Set in 1920’s rural Ireland, “The Lodgers” tells the dark tale about Rachel and Edward: twins that are living alone in a large but crumbling mansion which used to belong to their ancestors. We learn early on that they have strict rules they need to follow: they need to be in bed by midnight, they cannot let anyone else enter the house, and trying to escape might put the other one’s life in danger. The sinister force that haunts them wants them to continue their family’s “sin”, something Rachel is determined to not let happen, and this puts both her and Edward’s life in danger from the wrath of “the lodgers”.

While this movie is mostly presented as a horror film, it’s more of a gothic drama with a rather sad story than a scary one. While the house is beautifully atmospheric and creepy, there wasn’t much of a build-up to keep up the tension. The “sin” that “the lodgers” wants the twins to commit is also too easy to figure out very early in the movie, which doesn’t make it much of a surprise when Rachel reveals it later. There was a lot of potential for some real good chills and scary moments, but in that regard it didn’t have much to deliver. The movie does have strong visuals and good acting, so if you’d go for it and expect a gothic drama instead of an actual horror movie you may not be disappointed.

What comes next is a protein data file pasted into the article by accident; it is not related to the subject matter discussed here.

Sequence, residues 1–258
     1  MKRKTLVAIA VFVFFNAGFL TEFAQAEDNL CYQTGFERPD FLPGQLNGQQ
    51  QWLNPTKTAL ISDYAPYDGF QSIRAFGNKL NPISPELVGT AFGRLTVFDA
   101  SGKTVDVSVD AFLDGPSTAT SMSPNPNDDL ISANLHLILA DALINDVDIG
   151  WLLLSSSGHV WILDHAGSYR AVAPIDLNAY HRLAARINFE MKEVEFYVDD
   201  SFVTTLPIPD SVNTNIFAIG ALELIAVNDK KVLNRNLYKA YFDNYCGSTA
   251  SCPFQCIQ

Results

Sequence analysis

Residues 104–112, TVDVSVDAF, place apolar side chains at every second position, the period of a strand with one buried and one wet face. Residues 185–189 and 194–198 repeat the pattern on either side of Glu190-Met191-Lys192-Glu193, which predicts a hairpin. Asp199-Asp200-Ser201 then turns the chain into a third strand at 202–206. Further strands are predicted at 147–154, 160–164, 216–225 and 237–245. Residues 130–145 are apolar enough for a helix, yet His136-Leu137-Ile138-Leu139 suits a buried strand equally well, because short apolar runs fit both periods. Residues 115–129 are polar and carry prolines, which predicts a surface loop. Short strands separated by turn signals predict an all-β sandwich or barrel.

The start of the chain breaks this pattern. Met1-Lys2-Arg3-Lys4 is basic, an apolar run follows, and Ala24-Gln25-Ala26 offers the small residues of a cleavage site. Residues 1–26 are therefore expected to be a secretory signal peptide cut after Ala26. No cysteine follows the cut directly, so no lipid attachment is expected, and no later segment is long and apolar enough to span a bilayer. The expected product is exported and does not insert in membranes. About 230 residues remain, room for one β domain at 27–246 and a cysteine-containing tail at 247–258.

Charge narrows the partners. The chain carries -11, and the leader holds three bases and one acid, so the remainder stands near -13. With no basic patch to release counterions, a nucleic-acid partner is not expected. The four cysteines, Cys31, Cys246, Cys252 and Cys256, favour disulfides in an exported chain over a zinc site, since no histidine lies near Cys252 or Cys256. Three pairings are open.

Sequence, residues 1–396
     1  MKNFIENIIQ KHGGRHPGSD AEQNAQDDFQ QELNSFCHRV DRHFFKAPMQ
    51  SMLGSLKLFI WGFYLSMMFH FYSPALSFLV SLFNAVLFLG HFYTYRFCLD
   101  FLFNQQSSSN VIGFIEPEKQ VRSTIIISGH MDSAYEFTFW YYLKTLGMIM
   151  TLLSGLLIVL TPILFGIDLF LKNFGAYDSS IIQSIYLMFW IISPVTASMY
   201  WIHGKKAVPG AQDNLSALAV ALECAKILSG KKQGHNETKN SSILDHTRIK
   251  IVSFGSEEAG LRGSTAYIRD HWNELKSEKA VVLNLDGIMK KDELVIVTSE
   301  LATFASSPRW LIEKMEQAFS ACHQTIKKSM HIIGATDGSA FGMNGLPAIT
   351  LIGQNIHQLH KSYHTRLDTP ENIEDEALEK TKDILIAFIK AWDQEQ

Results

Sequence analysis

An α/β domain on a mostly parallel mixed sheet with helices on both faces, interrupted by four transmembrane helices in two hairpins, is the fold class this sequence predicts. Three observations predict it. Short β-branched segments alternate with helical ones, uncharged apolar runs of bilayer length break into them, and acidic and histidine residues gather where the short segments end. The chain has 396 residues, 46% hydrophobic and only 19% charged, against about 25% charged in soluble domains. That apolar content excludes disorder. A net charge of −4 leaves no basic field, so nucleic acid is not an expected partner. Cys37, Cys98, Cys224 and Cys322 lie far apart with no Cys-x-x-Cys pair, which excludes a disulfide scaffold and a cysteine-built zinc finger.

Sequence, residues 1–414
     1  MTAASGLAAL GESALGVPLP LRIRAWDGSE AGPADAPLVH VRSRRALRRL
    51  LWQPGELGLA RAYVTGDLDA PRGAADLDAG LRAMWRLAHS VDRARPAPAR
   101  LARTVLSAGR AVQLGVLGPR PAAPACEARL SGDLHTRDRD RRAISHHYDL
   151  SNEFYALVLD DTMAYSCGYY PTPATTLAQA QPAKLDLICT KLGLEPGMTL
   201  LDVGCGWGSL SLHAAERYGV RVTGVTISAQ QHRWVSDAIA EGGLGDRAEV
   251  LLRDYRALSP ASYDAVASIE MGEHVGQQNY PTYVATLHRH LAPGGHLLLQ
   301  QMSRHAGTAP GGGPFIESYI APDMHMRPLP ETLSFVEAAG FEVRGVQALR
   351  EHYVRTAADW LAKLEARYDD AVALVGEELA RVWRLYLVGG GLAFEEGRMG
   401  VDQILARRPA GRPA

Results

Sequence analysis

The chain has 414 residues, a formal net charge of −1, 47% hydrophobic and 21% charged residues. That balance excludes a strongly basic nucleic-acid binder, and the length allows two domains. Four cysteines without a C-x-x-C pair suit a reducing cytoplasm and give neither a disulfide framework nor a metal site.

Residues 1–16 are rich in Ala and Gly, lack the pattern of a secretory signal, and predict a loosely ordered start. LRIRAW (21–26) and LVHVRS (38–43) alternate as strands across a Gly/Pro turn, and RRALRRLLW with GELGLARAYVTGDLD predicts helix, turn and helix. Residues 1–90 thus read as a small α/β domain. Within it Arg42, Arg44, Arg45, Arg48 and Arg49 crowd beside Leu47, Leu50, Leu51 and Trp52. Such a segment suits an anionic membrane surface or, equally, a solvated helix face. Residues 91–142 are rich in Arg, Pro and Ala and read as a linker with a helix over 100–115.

IMDb: https://www.imdb.com/title/tt4399952/

Ravenous (1999)

During the Mexican-American war in the mid 1800’s, Captain John Boyd is sent up in the mountains to Fort Spencer, a secluded camp where a small group of weirdos keeps it guarded. One evening a disturbed, frozen Scottish man named Colquhoun arrives. He tells a horrible story about his gang of people somewhere up in the mountains, who were forced to eat each other in order to survive. Some of the men join Colquhoun and head up to the mountains to look for survivors.

The movie’s tone is set already within its first seconds. You don’t exactly know what to expect, but will quickly realise that this film is one of a kind. The film is known for its black humour, but it is first and foremost a pure horror movie with blood n’ gore where the humour is kept on a more subtle level. The greatest thing about Ravenous is how unpredictable it is, how the tension builds up, and the use of great forest landscapes that adds to the grim, cold atmosphere. It’s always refreshing to see actors actually interact with the real nature instead of standing in front of green-screens in a studio, isn’t it…

It also have top notch actors, but Robert Carlyle as Colquhoun really steals the show here. He does a truly terrifying portrait of his character. Watching his grin with the blood dripping from his mouth as he stares with his crazy eyes…that’s something that just sticks with you.

IMDb: https://www.imdb.com/title/tt0129332/